Embrace the Halloween books – A really fun way to introduce the idea of Halloween to babies is to bring out the Halloween books. Think cute rather than scary, books with interactive pages, flaps, texture or items to push or pull are ideal for bringing Halloween season to life. Many also help introduce babies and toddlers to the prospect of trick or treating and Halloween parties too.

Attend themed baby events – lf you attend a local baby group, chances are that most of them will do a special themed event to celebrate Halloween. These sort of events are ideal for capturing images of lots of babies all dressed up together and helps babies to learn that dressing up is fun. There is nothing more adorable than groups of pumpkins, witches, cats and spiders all smiling and laughing together.

Halloween hand / footprint craft – If you want to create something to mark your baby’s first Halloween, or that you can frame and keep forever, there are lots of different Halloween crafts you can make using your baby’s hands or feet. From Frankenstein using your babies feet to spooky ghost hands or witches, these require very little in terms of  creative skills, just the ability to paint a tickly brush on the toes, attempt to keep your baby still and lots of baby wipes to clean up after!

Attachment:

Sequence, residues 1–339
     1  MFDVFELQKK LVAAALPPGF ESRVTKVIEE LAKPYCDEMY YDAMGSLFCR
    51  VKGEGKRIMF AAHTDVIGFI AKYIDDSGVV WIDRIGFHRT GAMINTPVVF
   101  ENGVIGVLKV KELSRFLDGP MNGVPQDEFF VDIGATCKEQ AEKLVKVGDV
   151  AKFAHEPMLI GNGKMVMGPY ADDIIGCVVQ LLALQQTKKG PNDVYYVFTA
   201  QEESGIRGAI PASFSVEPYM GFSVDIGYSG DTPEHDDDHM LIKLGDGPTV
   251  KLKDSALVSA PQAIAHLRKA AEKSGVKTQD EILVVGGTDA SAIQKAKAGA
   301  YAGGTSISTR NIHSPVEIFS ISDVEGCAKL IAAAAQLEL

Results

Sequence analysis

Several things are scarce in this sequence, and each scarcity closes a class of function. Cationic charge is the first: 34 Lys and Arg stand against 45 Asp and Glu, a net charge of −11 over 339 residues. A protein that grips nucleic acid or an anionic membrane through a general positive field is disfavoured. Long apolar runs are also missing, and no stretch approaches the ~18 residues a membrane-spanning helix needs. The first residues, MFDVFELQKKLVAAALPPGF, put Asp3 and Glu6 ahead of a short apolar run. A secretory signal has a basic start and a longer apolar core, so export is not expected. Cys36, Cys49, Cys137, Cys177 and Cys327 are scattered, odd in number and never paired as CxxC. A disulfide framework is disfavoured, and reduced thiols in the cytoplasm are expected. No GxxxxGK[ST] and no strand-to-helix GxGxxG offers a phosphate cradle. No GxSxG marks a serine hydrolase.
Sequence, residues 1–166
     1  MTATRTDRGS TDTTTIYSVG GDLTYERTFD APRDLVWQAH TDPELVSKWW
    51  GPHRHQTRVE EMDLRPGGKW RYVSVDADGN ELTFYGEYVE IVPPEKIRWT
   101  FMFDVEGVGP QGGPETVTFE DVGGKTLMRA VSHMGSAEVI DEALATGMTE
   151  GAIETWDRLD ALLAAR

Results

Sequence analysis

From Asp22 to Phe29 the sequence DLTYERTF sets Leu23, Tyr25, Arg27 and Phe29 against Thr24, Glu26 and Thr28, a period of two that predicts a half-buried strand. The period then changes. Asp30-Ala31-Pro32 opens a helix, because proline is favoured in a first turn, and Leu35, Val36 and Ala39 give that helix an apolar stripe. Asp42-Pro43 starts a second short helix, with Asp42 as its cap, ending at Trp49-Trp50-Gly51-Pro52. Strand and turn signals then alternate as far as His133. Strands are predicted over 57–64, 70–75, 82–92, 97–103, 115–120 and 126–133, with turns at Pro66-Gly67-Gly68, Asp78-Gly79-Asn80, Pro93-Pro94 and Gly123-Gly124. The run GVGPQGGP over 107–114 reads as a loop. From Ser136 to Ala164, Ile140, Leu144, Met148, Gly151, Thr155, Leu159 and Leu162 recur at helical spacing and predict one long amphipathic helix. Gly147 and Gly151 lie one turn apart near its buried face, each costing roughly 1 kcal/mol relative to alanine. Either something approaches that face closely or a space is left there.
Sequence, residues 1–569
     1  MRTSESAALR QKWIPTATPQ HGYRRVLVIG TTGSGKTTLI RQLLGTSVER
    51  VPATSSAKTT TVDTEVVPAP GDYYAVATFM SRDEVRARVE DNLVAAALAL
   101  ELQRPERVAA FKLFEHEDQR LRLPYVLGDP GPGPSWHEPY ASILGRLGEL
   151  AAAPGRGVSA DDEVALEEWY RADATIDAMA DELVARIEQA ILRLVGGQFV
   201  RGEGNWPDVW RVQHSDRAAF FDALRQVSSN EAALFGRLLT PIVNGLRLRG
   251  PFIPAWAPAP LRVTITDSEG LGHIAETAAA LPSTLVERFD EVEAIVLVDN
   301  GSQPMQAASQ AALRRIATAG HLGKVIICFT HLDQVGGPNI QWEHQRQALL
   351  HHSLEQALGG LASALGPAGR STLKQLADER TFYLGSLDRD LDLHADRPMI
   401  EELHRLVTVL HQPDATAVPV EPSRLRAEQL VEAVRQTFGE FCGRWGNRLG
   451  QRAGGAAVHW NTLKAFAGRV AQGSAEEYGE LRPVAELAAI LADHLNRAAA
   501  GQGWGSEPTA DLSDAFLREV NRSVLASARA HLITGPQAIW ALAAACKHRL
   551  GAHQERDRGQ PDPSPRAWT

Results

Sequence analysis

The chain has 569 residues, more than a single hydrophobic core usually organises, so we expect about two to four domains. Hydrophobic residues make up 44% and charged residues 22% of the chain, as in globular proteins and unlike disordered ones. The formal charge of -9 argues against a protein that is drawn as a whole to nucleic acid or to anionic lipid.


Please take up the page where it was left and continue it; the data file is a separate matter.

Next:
How did you celebrate your baby’s first Halloween?

The post How to Celebrate Halloween with Your Baby appeared first on The Pulse.

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Patent Foramen Ovale: A Common Heart Anomaly in Pregnant Women

In previous articles on The Pulse, we have covered the rare but serious complication of strokes occurring during pregnancy, resulting from increased tendency to form blood clots, and we have also touched on the topic of congenital conditions leaving a hole between the two atria (upper chambers) of a baby’s heart. Hearing about such congenital heart malformations, you may think of young children automatically. After all, congenital conditions are the may issue that concern us when it comes to newborns, as they are born and develop into young children. But today, let’s explore what happens when the baby with the The post Patent Foramen Ovale: A Common Heart Anomaly in Pregnant Women appeared first on The Pulse.

Patent Foramen Ovale: A Common Heart Anomaly in Pregnant Women